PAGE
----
What Do I Pick For My 401k?

My background, often makes me the recipient of random financial advice texts from friends and family. The most common by far is, “What should I pick in my 401k?”.

My head usually explodes when this question is asked. It’s the equivalent of walking into a physician’s office for the first time and asking “Doctor, do I need surgery?” without any further information.

To be clear: your 401k plan is as unique as you are. Without knowing the fund offerings of your 401k plan, your investments outside of your 401k, the type of job you have, your annual expenses, your goals, and your risk tolerance, there’s no way for a financial advisor to tell you which funds are the best for you. Having said that, there are general tips that you can apply when making decisions related to your 401k.

Fees, Fees, Fees

No matter what options you end up picking, ALWAYS check the “expense ratio” of the funds from which you are selecting. There are very few factors under your control when it comes to future investment results, but one that you DO control is the investment fees you pay. The range of fees can vary significantly. According to the Investment Company Institute, in 2019, the average expense ratio of actively managed equity mutual funds was 0.74% compared to passive stock mutual fund expense ratios of 0.07%. This means that the bill on the $100,000 invested in your 401k could be $740 or $7 a year. Assuming 5% growth per year on that $100,000 for the next 20 years – if you stay in that expensive fund you would have spent over $33,500 on fees. That is roughly one-third of your original investment. Nuts. 

Asset Allocation Matters

Asset allocation, which sounds like it could be the title of a spy movie, simply explains the mix of stocks, bonds and cash in which you decide to invest. Research has found that this decision accounts for significantly larger portion of your overall portfolio risk than the bonds or stocks that you might individually pick. Broadly speaking, the younger you are the larger the share of stocks you should have in your 401k. As you approach retirement there should be a more balanced mix between stocks and bonds as you switch from only caring about growing your money to also caring about preserving your money.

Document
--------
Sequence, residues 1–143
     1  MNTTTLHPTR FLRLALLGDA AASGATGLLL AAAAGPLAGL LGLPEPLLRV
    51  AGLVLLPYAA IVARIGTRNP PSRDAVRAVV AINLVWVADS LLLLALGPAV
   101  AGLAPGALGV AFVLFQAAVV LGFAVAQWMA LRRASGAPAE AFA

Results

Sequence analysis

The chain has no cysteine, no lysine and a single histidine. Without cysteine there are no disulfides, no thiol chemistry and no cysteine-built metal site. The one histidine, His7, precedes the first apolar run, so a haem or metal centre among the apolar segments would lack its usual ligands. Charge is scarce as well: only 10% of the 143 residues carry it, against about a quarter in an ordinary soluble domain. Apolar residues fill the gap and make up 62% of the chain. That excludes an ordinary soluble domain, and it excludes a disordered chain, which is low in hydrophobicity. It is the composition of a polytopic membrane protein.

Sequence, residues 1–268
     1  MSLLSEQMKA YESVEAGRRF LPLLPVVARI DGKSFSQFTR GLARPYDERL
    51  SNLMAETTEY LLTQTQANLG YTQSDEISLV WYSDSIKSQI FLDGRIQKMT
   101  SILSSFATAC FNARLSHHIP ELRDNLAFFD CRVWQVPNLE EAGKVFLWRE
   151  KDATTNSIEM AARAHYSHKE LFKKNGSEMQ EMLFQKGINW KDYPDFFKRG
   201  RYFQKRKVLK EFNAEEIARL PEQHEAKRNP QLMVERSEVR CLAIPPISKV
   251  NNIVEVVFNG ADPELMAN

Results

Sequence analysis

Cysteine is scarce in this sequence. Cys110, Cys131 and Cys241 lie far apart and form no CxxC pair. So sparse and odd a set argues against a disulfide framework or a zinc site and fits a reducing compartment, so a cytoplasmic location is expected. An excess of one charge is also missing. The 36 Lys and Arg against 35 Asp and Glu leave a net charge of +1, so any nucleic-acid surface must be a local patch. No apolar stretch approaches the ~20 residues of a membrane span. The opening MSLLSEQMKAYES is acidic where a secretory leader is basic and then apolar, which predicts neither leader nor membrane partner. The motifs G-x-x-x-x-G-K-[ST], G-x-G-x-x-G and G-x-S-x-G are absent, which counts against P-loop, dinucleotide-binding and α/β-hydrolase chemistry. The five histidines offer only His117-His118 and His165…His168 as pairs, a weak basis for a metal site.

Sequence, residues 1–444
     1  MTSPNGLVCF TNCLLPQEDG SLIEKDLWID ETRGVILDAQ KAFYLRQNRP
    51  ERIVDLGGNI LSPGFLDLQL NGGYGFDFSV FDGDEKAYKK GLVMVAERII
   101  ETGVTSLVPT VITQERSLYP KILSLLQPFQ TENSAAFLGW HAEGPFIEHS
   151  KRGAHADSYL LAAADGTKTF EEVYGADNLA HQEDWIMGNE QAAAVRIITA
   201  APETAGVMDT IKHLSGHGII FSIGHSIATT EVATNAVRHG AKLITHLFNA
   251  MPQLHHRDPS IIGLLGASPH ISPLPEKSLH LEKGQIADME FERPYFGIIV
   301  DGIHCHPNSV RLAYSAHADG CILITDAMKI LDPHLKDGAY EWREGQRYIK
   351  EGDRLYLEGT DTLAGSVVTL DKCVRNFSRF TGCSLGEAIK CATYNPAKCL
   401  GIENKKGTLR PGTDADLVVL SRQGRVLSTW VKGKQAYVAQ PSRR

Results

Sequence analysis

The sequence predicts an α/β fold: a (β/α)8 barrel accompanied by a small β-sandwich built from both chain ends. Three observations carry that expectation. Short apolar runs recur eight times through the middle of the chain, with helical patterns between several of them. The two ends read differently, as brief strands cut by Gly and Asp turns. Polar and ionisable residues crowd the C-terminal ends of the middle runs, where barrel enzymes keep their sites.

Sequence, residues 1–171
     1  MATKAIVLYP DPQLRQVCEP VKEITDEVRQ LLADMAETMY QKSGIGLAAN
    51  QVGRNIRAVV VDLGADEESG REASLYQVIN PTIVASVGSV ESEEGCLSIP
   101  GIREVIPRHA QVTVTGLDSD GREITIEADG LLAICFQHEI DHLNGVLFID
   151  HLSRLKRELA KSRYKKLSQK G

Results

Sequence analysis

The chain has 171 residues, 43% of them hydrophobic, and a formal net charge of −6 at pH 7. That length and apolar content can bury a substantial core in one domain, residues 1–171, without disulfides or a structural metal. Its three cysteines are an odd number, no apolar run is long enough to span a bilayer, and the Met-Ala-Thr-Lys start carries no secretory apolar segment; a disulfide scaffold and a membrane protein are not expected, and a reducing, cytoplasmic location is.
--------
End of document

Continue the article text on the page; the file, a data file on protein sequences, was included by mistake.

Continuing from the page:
Autopilot Sounds Good… But Which One?

Nowadays, there are 401k funds that basically use autopilot to shift your asset allocation from stocks to bonds as you get older. They are called Target Date Funds. Let’s say you plan to retire when you are 60 and you are currently 40. That means you would pick the 2040 Target Date Fund since that’s your goal retirement date. These funds can be a decent option as they take care of changing that mix for you, but make sure you check the fees on the Target Date Fund your firm offers. For instance, Vanguard’s 2040 Target Date Fund charges 0.14% while Fidelity’s charges 0.75% yearly fee. In other words, Fidelity’s is 5 times more expensive than Vanguards.

Separately, it’s important to note that the actual mix of bonds, stocks, and cash of Target Date Funds vary widely. This means that just because Target Date Funds have the same target date of retirement, their portfolio mix is not the same. Check out the table below that looks at the percentage of stocks that are in each of these Target Date Funds by the time the employee hits 65. Yeah, there are some big differences there right? John Hancock’s Target Date Fund has less than 10% in stocks, while Fidelity’s still has 55% in stocks.

A lot of this has to do with the age at which the share of stocks in the portfolio automatically begins to level off. For instance, Fidelity’s Target Date Funds stock share of your overall 401(k) levels of at age 80, while T. Rowe Price’s levels of at age 95. Differences like this will affect both the type of returns you’ll get as well as how “smooth” the ride will be.

So… What Investments Should I Pick for My 401k?

How you choose to invest in your 401k has significant, long-term consequences.  By making time to understand what you’re looking for in your 401k and doing in-depth research you’ll be able to make a great, informed decision. If you’re like my family and need a little more guidance, be sure to hire  a fiduciary fee-only financial advisor that can guide you with this important decision.

 

Disclosure: This blog is not investment advice and should not be relied on for such advice or as a substitute for consultation with professional accounting, tax, legal or financial advisors. The observations of industry trends should not be read as recommendations for stocks or sectors.

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